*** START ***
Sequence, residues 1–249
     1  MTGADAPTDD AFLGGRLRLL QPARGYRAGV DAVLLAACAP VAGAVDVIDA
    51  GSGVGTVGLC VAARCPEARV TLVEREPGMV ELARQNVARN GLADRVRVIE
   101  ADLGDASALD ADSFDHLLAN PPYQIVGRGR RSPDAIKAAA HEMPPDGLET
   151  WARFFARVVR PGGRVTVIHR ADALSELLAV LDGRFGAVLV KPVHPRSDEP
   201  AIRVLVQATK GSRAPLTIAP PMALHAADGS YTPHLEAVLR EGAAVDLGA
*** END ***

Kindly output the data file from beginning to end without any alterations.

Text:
Sequence, residues 1–249
     1  MTGADAPTDD AFLGGRLRLL QPARGYRAGV DAVLLAACAP VAGAVDVIDA
    51  GSGVGTVGLC VAARCPEARV TLVEREPGMV ELARQNVARN GLADRVRVIE
   101  ADLGDASALD ADSFDHLLAN PPYQIVGRGR RSPDAIKAAA HEMPPDGLET
   151  WARFFARVVR PGGRVTVIHR ADALSELLAV LDGRFGAVLV KPVHPRSDEP
   201  AIRVLVQATK GSRAPLTIAP PMALHAADGS YTPHLEAVLR EGAAVDLGA